Colonel Tye, the Black Loyalist, famed for his role in the Battle of Monmouth, locked horns with Joshua Huddy, the “Martyr of Old Monmouth,” at least once.
Colonel Tye, or Titus Cornelius, commanded the Black Brigade in support of the British during the Revolutionary War. Tye, a runaway slave, wielded an extraordinary knowledge of the Monmouth, New Jersey environs, where Joshua Huddy, formerly a petty criminal, was a Captain in the rebel Militia in
1779. Both men combined a superior understanding of skirmish strategy with rage; ruthlessly combative, their intent to kill was likely mutual.
Huddy led numerous, lethal guerrilla raids against the British, and Tye did the same against the Continental Army. Known for their unflinching, quick and bloody executions of the enemy, feared and hated by the opposition, rising to local infamy at the same time, Tye and Huddy were bound to meet on the field.
In September, 1780, Colonel Tye and over two dozen of his brigade attacked Huddy’s house in Colt’s Neck, New Jersey. With help from a servant, Huddy held Tye and the raiders at bay for two hours but, fed up, Tye had his men set fire to the house. Huddy agreed to surrender if the fires were put out. They closed the deal.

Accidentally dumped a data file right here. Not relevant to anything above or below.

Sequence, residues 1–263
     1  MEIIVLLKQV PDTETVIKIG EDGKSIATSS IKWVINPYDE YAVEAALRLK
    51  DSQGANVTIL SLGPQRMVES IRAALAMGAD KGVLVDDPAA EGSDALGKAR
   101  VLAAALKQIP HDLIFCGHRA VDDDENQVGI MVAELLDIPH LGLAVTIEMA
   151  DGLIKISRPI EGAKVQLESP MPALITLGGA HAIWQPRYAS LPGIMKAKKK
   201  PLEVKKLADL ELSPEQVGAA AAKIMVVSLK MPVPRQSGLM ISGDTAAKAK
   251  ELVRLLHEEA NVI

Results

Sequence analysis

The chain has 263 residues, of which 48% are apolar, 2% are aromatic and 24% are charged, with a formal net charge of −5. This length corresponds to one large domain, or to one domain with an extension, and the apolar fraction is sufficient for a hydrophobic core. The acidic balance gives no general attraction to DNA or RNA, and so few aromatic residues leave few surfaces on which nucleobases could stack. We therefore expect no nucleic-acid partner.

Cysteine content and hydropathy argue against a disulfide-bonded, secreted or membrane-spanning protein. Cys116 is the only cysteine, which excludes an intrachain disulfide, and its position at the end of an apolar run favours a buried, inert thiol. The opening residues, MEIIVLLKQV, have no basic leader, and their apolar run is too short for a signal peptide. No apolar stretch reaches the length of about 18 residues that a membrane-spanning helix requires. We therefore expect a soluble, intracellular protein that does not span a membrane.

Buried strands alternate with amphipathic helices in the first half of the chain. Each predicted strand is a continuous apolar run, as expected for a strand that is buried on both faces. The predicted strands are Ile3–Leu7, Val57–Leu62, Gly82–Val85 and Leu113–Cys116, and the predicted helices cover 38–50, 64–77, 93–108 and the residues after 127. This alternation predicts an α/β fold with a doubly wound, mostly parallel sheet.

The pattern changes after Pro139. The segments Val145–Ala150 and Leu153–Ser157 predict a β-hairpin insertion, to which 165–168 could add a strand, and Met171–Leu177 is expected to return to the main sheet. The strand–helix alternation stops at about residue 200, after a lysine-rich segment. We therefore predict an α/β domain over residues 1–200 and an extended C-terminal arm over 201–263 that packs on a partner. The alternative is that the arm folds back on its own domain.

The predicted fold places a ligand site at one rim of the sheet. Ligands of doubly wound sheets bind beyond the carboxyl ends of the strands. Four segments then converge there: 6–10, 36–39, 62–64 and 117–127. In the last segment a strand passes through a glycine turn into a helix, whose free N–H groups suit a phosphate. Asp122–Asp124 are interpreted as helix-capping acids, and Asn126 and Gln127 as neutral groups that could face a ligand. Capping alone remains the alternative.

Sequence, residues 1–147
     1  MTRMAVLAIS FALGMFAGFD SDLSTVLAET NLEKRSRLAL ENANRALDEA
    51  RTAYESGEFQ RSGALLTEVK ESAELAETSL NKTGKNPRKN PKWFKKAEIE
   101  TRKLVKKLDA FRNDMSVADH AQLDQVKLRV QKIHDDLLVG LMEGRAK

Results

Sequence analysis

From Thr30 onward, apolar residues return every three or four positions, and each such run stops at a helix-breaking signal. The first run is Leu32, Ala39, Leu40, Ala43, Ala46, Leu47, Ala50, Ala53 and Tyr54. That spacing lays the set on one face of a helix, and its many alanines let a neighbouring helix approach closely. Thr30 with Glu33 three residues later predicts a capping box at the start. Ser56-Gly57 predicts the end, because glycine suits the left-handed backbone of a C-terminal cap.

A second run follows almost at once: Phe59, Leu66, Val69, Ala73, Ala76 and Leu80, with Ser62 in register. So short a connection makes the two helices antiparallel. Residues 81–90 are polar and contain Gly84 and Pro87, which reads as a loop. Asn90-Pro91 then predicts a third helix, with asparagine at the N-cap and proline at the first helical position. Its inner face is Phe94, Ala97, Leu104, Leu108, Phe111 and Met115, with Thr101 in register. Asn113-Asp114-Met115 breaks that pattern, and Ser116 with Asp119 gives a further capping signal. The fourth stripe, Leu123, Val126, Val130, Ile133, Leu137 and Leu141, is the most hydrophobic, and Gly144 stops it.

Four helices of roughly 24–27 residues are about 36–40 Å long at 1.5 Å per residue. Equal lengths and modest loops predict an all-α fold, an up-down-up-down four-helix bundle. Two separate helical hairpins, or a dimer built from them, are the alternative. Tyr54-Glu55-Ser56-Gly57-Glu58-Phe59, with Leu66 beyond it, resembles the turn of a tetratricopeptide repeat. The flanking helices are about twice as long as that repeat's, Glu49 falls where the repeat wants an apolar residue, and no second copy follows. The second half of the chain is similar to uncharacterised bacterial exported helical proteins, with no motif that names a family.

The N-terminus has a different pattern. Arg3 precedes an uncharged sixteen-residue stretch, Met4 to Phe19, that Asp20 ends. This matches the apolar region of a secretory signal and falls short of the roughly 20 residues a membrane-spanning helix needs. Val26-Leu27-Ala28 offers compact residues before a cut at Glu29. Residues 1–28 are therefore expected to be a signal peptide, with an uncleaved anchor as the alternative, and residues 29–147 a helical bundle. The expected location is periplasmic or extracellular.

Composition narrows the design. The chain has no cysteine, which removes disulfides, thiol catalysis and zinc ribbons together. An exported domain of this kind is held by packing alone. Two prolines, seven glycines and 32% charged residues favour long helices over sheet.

Colonel Tye took Huddy as prisoner, and intended to ship his captive out to the Loyalists in New York, who would presumably have either killed, or tortured and then killed, the dangerous Huddy. Patriots interrupted the plan, however, firing on the boat. It capsized. Although wounded in the fray, Huddy escaped with minor leg injuries.
Colonel Tye had been hit in the wrist with a musket ball during the raid on Huddy’s house. It may have seemed like a relatively minor injury at the time, but tetanus and gangrene from the untreated wound shortly killed him.
- Joshua Huddy was compared to Nathan Hale by the New York
Times. Both Patriots mustered bravery in the face of execution by the British. Hale, of course, uttered the legendary “I only regret that I have but one life to lose for my country.” Joshua Huddy’s final words were less memorable, but the gist was that he “would die innocent and in good cause.”
- Tye, too, was acknowledged as a hero, even by the opposition. Many think of Colonel Tye as a “brave and courageous man whose generous actions placed him well above his white counterparts.”